DF: Mm-hmm. That's a very new phenomenon, really, that native smugness. When I grew up, there was this Canadian shame—not so much self-loathing, but definitely no pride. In fact, it was in the '70s that the government started this concentrated effort to create Canadian pride. When I was in school, all our history books were American, so we learned American history, not Canadian history. This went on until I was in high school. Then they started trying to educate people better on history, and about the accomplishments of Canada. Really, it's only been since the '70s that Canadians have had any pride in their country. They've always been sort of insecure about their identity. Canadians still spend so much time discussing what it means to be Canadian. We haven't developed that strong backbone of jingoism that Americans have. [Laughs.] Give us time.


O: Forgive my ignorance here, but what is The Wrong Guy?

DF: Oh, The Wrong Guy is a very funny movie that very few people have had a chance to see. It's a movie I wrote with my friend Jay Kogen from The Simpsons and David Higgins. We wrote it and produced it in Canada, but Disney was our distributor [in the U.S.], and after we finished the movie, Disney shelved it. I think they're releasing it on videotape in Canada, but other than that, it hasn't come out at all in America. Which is a shame, because the people who have seen it all really love it.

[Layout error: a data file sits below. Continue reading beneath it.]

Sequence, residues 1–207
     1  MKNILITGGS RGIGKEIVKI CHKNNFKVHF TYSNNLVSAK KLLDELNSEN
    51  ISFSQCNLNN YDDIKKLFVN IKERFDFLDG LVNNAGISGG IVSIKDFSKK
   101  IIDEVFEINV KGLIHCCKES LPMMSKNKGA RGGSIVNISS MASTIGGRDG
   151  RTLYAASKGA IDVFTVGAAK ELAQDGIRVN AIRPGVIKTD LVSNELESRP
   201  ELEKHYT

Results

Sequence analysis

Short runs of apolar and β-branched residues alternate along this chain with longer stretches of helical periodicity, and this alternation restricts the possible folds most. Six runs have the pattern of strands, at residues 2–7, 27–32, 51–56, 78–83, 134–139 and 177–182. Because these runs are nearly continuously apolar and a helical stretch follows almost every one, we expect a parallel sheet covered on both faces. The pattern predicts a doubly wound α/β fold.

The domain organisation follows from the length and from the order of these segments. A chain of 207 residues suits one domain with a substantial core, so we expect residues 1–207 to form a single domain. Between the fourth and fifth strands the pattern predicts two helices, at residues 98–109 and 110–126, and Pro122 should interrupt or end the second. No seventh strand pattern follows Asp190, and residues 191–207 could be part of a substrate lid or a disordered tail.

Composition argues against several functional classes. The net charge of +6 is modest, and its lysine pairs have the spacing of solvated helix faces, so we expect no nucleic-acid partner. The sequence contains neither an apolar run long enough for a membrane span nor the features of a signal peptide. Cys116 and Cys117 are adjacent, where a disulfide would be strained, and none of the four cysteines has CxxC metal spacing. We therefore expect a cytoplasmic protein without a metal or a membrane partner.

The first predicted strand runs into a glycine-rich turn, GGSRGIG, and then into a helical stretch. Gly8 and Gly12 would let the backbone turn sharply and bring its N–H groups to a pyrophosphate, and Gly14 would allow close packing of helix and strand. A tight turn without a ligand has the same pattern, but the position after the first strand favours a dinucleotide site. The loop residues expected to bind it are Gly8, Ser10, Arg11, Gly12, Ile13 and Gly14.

O: What does the movie entail?

DF: It's the story of kind of an idiot executive who things he's going to get a huge promotion, and then, when he's passed over for it, throws a fit during a board meeting. Later in the day, he comes back to confront his boss, and he finds his boss murdered. He's convinced that he has hopelessly implicated himself in the murder and goes on the run, not aware of the fact that there was surveillance-camera footage of the actual killing, and that nobody is looking for him. So he's trying to make his way to Mexico, and he's inadvertently following a similar path as the real killer, who's also trying to make it to Mexico. He keeps drawing the police to the real killer.


O: I hear it's your best work since It's Pat.

DF: I think it is. I know you're being facetious—I can read people's thoughts—but as a comic performer, The Wrong Guy is the best work I've ever done. Now, you want to talk about It's Pat?


O: It's a really, really strange movie.

DF: It is, isn't it?

O: What really got me about it is that there are these terrible, terrible SNL gags, and then there'll be a really funny line. And then there'd be Ween and Camille Paglia. And then, "Is that a banana in your pocket?" It's a movie I think everyone should see.